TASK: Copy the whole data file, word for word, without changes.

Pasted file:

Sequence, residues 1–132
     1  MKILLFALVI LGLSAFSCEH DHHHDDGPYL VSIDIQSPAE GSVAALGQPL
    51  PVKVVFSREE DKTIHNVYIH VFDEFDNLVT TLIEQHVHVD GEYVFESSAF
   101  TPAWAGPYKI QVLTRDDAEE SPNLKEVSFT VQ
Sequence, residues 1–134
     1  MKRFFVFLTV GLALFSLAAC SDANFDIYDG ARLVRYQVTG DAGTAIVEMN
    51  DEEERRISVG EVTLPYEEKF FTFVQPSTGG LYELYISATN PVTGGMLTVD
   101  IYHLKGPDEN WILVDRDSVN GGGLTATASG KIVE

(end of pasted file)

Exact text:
Sequence, residues 1–132
     1  MKILLFALVI LGLSAFSCEH DHHHDDGPYL VSIDIQSPAE GSVAALGQPL
    51  PVKVVFSREE DKTIHNVYIH VFDEFDNLVT TLIEQHVHVD GEYVFESSAF
   101  TPAWAGPYKI QVLTRDDAEE SPNLKEVSFT VQ
Sequence, residues 1–134
     1  MKRFFVFLTV GLALFSLAAC SDANFDIYDG ARLVRYQVTG DAGTAIVEMN
    51  DEEERRISVG EVTLPYEEKF FTFVQPSTGG LYELYISATN PVTGGMLTVD
   101  IYHLKGPDEN WILVDRDSVN GGGLTATASG KIVE